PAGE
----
Threat Database Viruses Mal/Phish-A


By ESGI Advisor in Viruses

Threat Scorecard

Threat Level: 80 % (High)
Infected Computers: 5
First Seen: November 7, 2011
Last Seen: November 19, 2021
OS(es) Affected: Windows

Computer users may have received an email claiming to come from PayPal, urging the recipient to protect their PayPal account's information. Despite its urgent language, ESG PC security researchers have found that this email that is circulating is part of a dangerous phishing scam and designed to obtain your personal data, is classified as Mal/Phish-A. The email involved in this phishing scam was first detected in late October and early November of 2011. It claims that unusual credit card charges were linked to the victim's PayPal account, claiming to come from the PayPal review team.

Phishing scams have been around for a long time, and people still fall for them. Of course, one should also recognize that, as Mal/Phish-A attests, criminals have gotten better at imitating legitimate emails from important companies, making their phishing scams more effective. Some security applications detect this phishing scam as Mal/Phish-A. However, ESG PC security researchers consider that the best way to avoid phishing scams such as Mal/Phish-A is to become educated and to follow your instincts when receiving an email from an unknown source. Simply knowing the existence of phishing scams such as Mal/Phish-A can do wonders for reducing the rate at which people become duped by these kinds of scams. Research has shown that about five percent of the population still falls for phishing scams such as Mal/Phish-A. While this number may not seem incredibly high, it is important to note the huge number of people online. Five percent of computer users are a huge amount of potential victims.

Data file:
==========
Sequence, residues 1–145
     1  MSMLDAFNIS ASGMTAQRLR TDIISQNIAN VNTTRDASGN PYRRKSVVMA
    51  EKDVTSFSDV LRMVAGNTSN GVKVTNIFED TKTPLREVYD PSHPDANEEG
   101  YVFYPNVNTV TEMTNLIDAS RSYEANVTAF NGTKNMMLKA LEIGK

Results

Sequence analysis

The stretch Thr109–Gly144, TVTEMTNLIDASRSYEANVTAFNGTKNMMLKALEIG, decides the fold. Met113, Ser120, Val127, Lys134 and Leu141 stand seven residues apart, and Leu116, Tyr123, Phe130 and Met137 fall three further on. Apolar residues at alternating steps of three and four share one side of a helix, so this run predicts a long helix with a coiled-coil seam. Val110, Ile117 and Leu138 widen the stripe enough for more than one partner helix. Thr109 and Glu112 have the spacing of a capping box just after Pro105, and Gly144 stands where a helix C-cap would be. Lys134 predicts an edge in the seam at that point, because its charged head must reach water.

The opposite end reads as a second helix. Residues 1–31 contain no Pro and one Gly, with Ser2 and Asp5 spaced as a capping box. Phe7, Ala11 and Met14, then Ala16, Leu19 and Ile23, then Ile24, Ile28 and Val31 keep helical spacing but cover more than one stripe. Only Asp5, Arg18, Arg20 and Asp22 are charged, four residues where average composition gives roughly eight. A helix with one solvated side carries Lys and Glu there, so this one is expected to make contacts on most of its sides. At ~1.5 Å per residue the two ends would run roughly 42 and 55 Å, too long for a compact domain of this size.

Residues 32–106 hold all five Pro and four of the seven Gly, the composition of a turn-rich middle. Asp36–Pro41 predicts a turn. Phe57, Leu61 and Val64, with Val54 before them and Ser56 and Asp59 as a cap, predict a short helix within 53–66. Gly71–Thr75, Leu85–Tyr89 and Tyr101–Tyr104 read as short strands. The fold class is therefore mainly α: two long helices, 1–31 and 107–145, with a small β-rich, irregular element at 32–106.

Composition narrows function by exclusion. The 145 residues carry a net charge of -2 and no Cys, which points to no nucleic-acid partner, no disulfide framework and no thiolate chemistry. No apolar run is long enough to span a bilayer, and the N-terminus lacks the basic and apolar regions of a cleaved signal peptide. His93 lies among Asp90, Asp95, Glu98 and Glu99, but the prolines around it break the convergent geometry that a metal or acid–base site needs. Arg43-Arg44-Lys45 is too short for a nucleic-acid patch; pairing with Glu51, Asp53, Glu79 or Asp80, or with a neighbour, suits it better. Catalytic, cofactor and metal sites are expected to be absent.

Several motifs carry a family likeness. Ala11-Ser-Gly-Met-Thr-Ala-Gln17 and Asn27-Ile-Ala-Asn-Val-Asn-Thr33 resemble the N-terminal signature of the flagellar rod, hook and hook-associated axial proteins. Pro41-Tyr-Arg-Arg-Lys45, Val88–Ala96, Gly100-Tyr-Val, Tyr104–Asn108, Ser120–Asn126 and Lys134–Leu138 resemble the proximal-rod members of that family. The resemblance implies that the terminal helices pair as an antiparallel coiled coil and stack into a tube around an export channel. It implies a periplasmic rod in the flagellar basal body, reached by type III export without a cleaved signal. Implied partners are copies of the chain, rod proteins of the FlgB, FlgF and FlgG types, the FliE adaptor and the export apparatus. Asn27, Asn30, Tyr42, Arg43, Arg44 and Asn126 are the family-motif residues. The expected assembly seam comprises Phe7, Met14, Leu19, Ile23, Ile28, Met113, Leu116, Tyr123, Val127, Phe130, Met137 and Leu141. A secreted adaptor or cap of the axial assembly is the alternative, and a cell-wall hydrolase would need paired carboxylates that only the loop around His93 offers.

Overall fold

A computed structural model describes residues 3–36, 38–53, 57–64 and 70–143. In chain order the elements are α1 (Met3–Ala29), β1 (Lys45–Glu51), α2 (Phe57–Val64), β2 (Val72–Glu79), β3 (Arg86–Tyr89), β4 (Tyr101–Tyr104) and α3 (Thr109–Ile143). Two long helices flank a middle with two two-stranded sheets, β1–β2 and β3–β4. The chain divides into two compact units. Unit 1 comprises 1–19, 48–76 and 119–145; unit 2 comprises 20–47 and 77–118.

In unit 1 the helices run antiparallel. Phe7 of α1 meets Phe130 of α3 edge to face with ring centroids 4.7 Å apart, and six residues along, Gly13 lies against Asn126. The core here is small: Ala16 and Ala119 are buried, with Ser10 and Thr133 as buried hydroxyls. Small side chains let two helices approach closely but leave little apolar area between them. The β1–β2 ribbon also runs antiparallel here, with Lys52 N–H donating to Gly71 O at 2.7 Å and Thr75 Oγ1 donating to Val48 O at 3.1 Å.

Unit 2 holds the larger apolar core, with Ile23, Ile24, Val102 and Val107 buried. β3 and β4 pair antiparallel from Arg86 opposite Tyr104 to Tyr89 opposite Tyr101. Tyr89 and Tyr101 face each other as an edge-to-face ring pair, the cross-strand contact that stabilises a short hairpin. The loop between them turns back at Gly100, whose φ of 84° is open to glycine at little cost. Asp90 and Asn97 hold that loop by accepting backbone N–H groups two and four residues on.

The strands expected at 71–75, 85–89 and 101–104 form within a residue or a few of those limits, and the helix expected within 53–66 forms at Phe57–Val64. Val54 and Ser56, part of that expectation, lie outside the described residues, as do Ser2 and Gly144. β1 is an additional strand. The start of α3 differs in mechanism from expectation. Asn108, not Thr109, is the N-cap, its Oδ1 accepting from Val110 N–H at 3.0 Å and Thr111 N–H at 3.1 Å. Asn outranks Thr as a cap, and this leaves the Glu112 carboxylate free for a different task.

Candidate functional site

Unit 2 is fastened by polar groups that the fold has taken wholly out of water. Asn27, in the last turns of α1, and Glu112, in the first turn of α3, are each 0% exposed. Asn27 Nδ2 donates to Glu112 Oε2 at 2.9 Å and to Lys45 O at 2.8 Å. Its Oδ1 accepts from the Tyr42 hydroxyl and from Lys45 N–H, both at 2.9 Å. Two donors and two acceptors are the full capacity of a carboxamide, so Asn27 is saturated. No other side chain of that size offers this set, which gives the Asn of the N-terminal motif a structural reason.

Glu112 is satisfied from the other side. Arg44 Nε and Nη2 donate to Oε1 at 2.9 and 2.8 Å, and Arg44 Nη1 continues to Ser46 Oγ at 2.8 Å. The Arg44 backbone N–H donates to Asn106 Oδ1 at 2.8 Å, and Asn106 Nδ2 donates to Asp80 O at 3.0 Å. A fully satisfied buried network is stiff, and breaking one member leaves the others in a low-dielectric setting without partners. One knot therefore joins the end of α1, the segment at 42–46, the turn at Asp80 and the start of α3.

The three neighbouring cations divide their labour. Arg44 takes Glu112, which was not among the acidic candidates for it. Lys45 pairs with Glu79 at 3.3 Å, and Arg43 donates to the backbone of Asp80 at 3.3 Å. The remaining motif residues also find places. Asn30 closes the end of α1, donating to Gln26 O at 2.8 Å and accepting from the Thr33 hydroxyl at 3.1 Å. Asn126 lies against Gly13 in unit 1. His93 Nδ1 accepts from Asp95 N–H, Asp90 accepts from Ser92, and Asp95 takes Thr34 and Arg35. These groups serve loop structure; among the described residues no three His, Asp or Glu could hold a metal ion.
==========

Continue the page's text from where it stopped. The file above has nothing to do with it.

The first alarm that should be triggered from the Mal/Phish-A scam is the fact that this fake email from PayPal claims that you need to download an attached form. Downloading attached files in unsolicited emails is an extremely dubious practice that will almost invariably lead to a malware infection. The attached file to the Mal/Phish-A scam email leads the victim to a web page, which is a fairly good imitation of a legitimate PayPal page. However, there are a couple of mistakes in the Mal/Phish-A scam that can help you make sure that you do not fall for the Mal/Phish-A scam.

  1. The sender's email address is not associated with PayPal. The fact that Mal/Phish-A says 'from: PayPal' is not any indication that the email really comes from this online money transfer service.
  2. The domain name associated with Mal/Phish-A is Taking a minute to look up this address reveals that it has nothing to do with PayPal.


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